Kent State ROTC cadets spent the past weekend putting this year’s knowledge to use as part of Joint Field Training Exercise, also known as JFTX, at the Camp Ravenna Joint Military Training Center from Friday, April 20 to Sunday, April 22.
JFTX is an offspring of FTX, or Field Training Exercise, which cadets completed in the fall. It allows them to take the skills they’ve learned from the year and apply them in a tactical environment.JFTX primarily tends to junior cadets to prepare them for the training they have in the summer, which plays a role in the branches they want to be assigned to and the jobs they want to have.“Our main focus for this training exercise is to get our junior cadets, or MS-IIIs, prepared to go to Advanced Camp this summer. Advanced Camp is basically their crowning moment as cadets,” said David Brown, a computer information systems major and senior cadet. “They’re going to go and compete against every other cadet in the nation and do the best they can. They’re going to be evaluated for 30 days in Fort Knox, Kentucky, and all of those results are going to be compared against everyone else there with them.”Brown assisted in planning this JFTX. Thomas Ortman, an exercise science major and senior cadet, was the overseer of the entire operation.“It was a lot of work beforehand,” Ortman said. “It was probably about a 3 month planning process just to get this whole operation.”Ortman coordinated with other cadre and cadets to make sure the weekend went smoothly.“I’m just tracking with my counterparts here, my peers, all these movements, making sure they hit the times that they need to hit, briefing the missions when they need to brief and using up all the time for planning their missions, executing their missions, and doing an AAR, or After-Action Report, where they basically go over what happened during their mission and kind of get some feedback from the lead cadre,” Ortman said.The MS-IIIIs, or seniors, assisted in overseeing the training since most of them have already attended summer training. They helped run the Tactical Operations Center, or TOC, and logistics center where supplies were ran.Paige Cooley, a mathematics major and senior cadet, was in charge of personnel and rosters, which required her to keep track of how many people were there and what they were doing.“There are five platoons of trainees out here as well as MS-IIIIs who are hosting the training,” Cooley said. “Each platoon has two platoon OICs and each lane has two lane OICs — OIC is Officer in Charge, and those are all MS-IIIIs.”Kent State Army ROTC was also joined by John Carroll University, The University of Akron, Youngstown State University, and the Kent State Air Force ROTC detachment.“One of the big differences with Air Force and Army is exercises kind of like this,” said Adam Dangler, a senior aeronautics major and an Air Force cadet. “With the Army, they do more hands on stuff … while in the Air Force we get our technical training kind of after we commission and when we’re on our actual jobs.”The Air Force cadets seemed to enjoy being in a joint environment with Army cadets and getting to experience more hands-on training.“It’s a good time; it’s outstanding training, especially because back in Kent we don’t too much get to work in a joint environment with the Army,” said Dylan Bishop, a senior aeronautics major and an Air Force cadet, “so when we get to come out here, our cadets get to experience life more outside the field working with the Army, which our missions are two different missions that work together, so when we get to do something like this it’s really nice. We get to experience the other side.”Daniel Henderson, a public relations major and senior cadet, described a mission where he was platoon sergeant and Army cadets engaged with Air Force cadets in a mock ambush attack.The Air Force cadets acted as the opposing force so the Army cadets could have real people to engage with, Henderson said.“It was an interesting mission, our second one of the day, so the biggest struggle was still communication,” Henderson said. “It can be difficult overcoming a lot of the communication barriers that pop up between schools because it’s different schools, different trainings throughout their lives all coming together … We ended up accomplishing the mission. It went well, and it was a lot of fun because Air Force kind of pushed back a little bit.”Overcoming the communication barriers between the different schools was one hurdle all cadets had to jump through, but also one of the learning objectives.“Getting used to being with other people besides the people at your school helps us get used to the atmosphere,” said Alex Spangler, a junior cadet and respiratory therapy major from The University of Akron.Learning how to work together as a team and adapting to people from different backgrounds with different personalities is one of the most important takeaways for juniors to prepare for summer camp where they will be around cadets from all over the United States, Spangler said.The cadets spent 2 ½ days out in the wilderness, and though many agreed that the cold weather they had to sleep through was probably the worst part, they all got a chance to experience hands-on training with other cadets.“… Things are starting to jive, so it’s gotten really fun,” Henderson said. “You start to know everyone in your platoon, and you start having a really good time out here. We’re out here doing what we signed up to do, getting some of the best training we can get.”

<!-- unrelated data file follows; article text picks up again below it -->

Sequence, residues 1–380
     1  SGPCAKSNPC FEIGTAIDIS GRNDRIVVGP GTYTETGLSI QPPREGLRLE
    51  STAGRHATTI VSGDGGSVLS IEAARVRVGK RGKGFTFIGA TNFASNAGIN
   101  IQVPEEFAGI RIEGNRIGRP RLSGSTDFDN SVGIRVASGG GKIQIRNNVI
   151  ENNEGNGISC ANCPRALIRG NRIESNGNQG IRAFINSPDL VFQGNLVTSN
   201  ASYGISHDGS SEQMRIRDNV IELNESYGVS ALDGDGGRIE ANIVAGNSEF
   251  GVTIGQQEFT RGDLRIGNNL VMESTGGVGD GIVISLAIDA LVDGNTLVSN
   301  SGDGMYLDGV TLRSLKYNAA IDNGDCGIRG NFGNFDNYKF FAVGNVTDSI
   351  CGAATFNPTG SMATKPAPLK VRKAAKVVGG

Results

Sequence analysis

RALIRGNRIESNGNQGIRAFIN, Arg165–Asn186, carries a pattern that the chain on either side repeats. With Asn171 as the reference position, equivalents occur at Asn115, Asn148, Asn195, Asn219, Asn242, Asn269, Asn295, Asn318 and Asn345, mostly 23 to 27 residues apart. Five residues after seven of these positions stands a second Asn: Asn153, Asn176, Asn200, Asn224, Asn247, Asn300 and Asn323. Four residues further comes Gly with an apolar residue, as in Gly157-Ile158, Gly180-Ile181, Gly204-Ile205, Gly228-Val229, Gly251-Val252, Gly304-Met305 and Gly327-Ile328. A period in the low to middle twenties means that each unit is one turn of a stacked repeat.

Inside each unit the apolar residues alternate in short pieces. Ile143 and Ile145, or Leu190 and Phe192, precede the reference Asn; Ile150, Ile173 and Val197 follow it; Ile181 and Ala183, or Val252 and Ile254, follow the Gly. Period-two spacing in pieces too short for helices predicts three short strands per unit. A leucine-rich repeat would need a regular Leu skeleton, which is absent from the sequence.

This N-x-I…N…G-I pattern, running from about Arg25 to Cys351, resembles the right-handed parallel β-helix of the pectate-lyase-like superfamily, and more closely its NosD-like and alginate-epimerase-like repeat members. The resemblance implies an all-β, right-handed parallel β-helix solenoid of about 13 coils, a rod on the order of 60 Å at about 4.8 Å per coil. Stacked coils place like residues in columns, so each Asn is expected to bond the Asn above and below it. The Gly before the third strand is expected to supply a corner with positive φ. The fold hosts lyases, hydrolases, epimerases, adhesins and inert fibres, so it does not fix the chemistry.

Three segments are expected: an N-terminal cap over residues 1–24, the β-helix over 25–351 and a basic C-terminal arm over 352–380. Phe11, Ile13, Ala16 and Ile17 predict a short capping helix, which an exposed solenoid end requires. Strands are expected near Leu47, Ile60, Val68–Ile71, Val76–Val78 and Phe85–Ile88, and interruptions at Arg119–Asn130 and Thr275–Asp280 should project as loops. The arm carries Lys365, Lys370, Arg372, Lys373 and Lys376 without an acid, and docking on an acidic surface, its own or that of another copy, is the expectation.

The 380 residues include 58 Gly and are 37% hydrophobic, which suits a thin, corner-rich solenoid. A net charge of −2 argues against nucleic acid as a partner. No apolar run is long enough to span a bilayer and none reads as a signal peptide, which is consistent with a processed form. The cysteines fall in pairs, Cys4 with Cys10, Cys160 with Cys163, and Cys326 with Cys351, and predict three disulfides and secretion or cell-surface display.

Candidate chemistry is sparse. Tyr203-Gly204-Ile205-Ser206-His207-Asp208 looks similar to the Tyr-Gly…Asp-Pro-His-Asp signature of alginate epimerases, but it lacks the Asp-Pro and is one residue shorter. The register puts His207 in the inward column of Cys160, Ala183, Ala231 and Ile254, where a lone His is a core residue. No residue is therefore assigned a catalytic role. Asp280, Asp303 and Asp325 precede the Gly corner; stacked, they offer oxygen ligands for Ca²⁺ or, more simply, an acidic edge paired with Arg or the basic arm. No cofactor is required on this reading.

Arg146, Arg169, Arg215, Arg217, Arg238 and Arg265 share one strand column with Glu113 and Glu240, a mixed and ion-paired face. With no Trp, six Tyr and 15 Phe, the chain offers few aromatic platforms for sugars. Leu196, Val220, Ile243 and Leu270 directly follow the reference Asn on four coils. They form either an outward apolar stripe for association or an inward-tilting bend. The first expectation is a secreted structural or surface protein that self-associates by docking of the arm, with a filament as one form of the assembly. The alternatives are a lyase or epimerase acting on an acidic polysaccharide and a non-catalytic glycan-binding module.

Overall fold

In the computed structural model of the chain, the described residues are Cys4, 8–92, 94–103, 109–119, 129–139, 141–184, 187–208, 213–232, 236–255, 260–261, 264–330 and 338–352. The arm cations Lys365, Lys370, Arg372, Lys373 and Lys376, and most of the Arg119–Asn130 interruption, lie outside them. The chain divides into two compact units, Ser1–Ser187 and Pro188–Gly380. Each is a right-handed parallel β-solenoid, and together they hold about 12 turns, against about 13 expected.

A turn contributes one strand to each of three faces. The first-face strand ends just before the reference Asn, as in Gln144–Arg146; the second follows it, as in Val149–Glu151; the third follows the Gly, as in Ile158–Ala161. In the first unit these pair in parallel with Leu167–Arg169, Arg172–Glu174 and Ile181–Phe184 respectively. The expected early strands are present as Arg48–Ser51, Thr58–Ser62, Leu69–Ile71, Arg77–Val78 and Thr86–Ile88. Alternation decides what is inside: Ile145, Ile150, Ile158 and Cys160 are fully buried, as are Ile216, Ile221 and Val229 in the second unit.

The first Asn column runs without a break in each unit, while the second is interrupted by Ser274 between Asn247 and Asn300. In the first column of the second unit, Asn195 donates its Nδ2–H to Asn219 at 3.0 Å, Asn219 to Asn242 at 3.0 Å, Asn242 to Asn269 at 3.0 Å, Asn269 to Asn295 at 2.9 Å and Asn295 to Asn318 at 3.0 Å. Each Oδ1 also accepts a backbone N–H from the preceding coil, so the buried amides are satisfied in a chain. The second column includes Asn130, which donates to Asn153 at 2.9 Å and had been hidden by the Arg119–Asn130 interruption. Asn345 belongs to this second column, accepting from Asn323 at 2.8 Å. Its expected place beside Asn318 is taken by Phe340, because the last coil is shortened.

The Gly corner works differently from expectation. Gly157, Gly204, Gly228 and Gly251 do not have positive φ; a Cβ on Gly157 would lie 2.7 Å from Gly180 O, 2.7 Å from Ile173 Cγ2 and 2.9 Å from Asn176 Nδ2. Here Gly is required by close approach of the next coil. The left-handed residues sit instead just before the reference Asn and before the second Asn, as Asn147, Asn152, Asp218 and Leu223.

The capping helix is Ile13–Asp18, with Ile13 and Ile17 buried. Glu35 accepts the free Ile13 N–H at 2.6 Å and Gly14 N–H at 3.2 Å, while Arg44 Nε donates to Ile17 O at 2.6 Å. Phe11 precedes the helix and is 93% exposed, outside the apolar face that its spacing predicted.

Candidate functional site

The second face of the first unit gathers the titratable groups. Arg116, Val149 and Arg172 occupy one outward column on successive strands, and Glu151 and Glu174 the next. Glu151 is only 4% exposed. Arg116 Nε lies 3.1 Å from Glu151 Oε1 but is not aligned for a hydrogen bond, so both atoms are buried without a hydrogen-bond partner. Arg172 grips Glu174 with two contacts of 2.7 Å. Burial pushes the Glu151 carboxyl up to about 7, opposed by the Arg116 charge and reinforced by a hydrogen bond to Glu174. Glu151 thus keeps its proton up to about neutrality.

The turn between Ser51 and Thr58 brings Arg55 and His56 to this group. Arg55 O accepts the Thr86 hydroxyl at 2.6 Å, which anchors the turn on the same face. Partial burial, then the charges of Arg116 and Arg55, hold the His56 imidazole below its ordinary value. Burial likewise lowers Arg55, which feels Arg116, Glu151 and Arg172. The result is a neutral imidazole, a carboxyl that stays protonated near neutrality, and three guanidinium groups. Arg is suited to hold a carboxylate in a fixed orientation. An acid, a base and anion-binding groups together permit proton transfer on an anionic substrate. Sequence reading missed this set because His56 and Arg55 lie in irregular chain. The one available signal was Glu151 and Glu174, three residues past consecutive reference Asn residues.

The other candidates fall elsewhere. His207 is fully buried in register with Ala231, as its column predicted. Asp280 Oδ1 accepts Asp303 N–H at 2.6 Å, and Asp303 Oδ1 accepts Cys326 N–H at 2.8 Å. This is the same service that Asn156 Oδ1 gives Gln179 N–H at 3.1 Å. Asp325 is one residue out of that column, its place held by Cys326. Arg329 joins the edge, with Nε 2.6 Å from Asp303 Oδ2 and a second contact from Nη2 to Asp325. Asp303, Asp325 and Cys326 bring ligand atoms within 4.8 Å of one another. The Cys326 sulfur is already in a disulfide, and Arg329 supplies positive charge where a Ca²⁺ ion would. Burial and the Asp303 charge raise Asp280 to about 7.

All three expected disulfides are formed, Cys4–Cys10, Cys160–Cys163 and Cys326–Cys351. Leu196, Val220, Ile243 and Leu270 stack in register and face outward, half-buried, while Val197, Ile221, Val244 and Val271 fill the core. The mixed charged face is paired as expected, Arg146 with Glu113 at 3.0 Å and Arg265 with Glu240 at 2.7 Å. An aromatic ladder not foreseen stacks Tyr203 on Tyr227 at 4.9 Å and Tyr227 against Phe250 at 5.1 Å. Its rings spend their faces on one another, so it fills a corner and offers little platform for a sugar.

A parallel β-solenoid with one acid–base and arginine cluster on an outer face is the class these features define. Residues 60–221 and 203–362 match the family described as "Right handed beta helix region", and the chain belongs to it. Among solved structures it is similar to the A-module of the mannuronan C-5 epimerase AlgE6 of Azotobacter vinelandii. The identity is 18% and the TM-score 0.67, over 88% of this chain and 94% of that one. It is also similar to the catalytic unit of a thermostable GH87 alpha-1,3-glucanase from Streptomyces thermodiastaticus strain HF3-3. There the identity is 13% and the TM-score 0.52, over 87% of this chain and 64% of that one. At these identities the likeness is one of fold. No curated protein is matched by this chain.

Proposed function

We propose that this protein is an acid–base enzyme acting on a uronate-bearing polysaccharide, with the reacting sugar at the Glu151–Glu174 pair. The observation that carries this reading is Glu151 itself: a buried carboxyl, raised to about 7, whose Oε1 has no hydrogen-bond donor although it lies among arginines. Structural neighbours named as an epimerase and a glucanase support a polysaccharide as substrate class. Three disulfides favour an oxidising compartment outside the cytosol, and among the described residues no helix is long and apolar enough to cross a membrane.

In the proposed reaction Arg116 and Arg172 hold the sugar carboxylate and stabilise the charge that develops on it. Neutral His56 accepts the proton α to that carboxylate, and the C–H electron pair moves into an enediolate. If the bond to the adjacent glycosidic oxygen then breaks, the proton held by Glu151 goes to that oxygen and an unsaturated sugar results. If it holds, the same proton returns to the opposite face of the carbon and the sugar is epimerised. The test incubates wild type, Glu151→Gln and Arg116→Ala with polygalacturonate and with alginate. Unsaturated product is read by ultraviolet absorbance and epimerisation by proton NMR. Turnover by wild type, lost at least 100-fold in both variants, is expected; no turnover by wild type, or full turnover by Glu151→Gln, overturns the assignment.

Mariah Hicks is the military and veterans reporter. Contact her at [email protected]